A consortium headed by Prodrive boss David Richards buys the famous British marque for £479m
Aston Martin has been sold to a consortium headed by Prodrive boss David Richards for £479m. The move brings to an end speculation about the fate of the marque that has latterly boomed thanks to its range of highly capable sports and GT cars.
Richards will become the non-executive chairman of the firm. The consortium – which is not connected to Prodrive – is completed by US banker John Sinders and two Kuwaiti companies, Investment Dar and Adeem Investment.
Richards commented: “This is an incredible opportunity. Aston Martin is one of the world’s most iconic brands. We are confident we now have all the right ingredients to take Aston Martin to even greater heights.”
Aston’s chief executive Dr Ulrich Bez will remain with the company in the same post for the next five years. He said: “This next stage in the company’s history promises to be the most exciting yet. David Richards and I have a great deal of mutual respect and we are equally passionate about realising the brand’s full potential.”
The consortium has also moved to scotch rumours that the Prodrive F1 team which will compete in the World Championship from 2008 will be branded Aston Martin, though it seems certain that the existing programme of developing, racing and selling sportscars such as the DBR9, DBRS9 and N24 featured in this issue will continue.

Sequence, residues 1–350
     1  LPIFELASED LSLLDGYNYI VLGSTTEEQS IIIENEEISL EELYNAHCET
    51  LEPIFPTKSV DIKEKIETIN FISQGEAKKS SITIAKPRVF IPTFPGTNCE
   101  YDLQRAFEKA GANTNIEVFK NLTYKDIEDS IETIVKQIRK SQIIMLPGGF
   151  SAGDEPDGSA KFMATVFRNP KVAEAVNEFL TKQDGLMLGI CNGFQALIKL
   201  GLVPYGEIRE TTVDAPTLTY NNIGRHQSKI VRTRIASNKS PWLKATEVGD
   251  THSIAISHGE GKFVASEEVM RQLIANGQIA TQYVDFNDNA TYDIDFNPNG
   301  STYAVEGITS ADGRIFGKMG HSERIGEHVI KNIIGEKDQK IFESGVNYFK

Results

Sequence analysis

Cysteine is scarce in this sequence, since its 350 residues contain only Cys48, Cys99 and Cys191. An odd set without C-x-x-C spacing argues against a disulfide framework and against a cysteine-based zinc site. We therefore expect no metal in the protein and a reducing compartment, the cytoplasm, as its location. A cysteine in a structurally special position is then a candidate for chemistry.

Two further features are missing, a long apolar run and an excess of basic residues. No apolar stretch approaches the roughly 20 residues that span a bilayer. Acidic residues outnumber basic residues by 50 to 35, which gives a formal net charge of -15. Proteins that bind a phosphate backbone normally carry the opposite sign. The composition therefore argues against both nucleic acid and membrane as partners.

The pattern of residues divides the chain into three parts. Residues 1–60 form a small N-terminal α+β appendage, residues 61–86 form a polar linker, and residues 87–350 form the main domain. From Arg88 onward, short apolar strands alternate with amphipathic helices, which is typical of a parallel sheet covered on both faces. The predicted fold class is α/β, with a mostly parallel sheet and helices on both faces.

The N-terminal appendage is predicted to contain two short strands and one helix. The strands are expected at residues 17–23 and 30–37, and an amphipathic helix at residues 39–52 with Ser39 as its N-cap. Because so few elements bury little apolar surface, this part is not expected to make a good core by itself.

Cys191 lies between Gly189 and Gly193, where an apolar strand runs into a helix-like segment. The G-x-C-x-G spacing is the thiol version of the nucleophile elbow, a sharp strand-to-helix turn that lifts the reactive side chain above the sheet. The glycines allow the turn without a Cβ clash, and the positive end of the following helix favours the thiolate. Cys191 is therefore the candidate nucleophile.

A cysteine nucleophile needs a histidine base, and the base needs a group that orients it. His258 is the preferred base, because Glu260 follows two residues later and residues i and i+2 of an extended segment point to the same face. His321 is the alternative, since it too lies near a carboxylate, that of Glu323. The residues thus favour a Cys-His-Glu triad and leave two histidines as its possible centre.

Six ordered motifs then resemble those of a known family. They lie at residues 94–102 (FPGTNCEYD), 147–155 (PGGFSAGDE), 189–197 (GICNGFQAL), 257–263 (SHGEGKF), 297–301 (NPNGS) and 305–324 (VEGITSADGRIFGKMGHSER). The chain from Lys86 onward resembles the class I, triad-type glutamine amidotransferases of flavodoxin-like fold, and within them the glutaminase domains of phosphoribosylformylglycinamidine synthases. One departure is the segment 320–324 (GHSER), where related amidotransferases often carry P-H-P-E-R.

Aston Martin will remain at its Gaydon factory in the Midlands where it employs 1800 people. Ford is to retain a £40m stake in the business, although part of the Newport Pagnell site is to be sold and the rest given over to the works service department when production of the only Aston Martin not to be built in Gaydon, the Vanquish, ceases this summer. It will be replaced in the autumn by the DB9-based DBS model previewed in the recent James Bond film, Casino Royale.
Bez also confirmed that the four-door Rapide will go into production before the end of the decade, and that production facilities at Gaydon will be expanded to make space for it. He expects to sell around 2000 Rapides per year, bringing Aston Martin production to approximately 9000 annually, about the same as made by Bentley in Crewe. He would not be drawn into setting an upper limit for Aston Martin production.
The company known today as Aston Martin was founded by Lionel Martin and Robert Bamford in 1913. It was owned by a succession of wealthy investors until it was sold to David Brown Ltd in 1947. It was sold again in 1972 and once more had to endure the uncertainty of multiple changes of ownership until Victor Gauntlett led a successful bid to buy the company in 1981. He sold 75 per cent of the company to Ford in 1987 which went on to wholly acquire the company in 1994, but not before Gauntlett had signed off the design of the DB7, the car that set Aston Martin on the road to the riches it enjoys today.